Summary of "This Land Is Our Land" by Ken Ilgunas
His thesis, the United States has too much private property in the hands of too few and those owners typically forbid nature lover’s free movement to camp and roam. Government should intervene, he posits, to open this private land. Ilgunas is the author of “This Land Is Our Land: How We Lost the Right to Roam and How to Take It Back.” He is the author of two memoirs, “Walden on Wheels,” and “Trespassing Across America.” This book is an expansion and deepening of “Trespassing.” The land was once ownerless, writes Ilgunas, and even what was owned could, without impediment, be crossed. The land of North America belonged to no one and everyone. He wrote about walking the proposed route for the Keystone Pipeline in “Trespassing”; it was that experience that compelled him to write “This Land.”
Ken Ilgunas, lifelong traveler, hitchhiker, and roamer, takes readers back to the nineteenth century, when Americans were allowed to journey undisturbed across the country. Today, though, America finds itself as an outlier in the Western world as a number of European countries have created sophisticated legal systems that protect landowners and give citizens generous roaming rights to their countries' green spaces. Inspired by the United States' history of roaming, and taking guidance from present-day Europe, Ilgunas calls into question our entrenched understanding of private property and provocatively proposes something unheard of: opening up American private property for public recreation. He imagines a future in which folks everywhere will have the right to walk safely, explore freely, and roam boldly--from California to the New York island, from the Redwood Forest to the Gulf Stream waters.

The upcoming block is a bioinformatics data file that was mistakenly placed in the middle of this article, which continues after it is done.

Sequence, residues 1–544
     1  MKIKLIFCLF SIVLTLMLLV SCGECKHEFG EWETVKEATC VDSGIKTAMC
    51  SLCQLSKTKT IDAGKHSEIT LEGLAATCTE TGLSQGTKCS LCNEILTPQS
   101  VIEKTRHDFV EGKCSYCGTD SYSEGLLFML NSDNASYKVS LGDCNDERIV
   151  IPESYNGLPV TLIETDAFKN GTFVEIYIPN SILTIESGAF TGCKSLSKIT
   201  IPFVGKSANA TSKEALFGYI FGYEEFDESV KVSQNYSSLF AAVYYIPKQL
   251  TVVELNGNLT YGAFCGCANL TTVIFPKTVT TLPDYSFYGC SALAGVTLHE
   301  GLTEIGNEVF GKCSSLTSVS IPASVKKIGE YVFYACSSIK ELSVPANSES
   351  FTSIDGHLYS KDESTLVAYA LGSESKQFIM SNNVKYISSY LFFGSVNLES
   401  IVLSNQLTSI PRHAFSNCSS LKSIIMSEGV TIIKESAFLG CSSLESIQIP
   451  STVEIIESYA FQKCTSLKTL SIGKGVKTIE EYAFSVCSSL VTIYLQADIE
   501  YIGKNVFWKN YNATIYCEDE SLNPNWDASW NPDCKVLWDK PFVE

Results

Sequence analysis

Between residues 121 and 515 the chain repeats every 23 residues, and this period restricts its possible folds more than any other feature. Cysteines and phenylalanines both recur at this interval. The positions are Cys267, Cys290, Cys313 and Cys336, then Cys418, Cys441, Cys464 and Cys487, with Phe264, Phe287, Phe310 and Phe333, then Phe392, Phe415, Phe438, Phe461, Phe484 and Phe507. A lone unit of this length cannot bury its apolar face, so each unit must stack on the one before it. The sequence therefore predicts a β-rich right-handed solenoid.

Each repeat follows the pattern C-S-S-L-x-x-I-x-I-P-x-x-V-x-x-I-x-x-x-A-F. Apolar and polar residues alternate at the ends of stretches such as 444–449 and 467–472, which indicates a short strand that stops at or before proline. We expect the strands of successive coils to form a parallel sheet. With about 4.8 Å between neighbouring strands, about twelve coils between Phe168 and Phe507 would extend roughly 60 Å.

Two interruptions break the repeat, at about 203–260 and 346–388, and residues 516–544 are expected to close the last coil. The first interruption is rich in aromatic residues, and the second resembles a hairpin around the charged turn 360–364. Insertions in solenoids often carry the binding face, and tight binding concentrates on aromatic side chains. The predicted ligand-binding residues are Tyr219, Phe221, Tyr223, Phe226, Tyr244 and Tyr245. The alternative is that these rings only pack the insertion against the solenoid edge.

Then, at a later date, once we’ve all calmed down, once the idea has had time to slowly and more gently seep in the collective consciousness, maybe we can begin an earnest debate about the right to roam.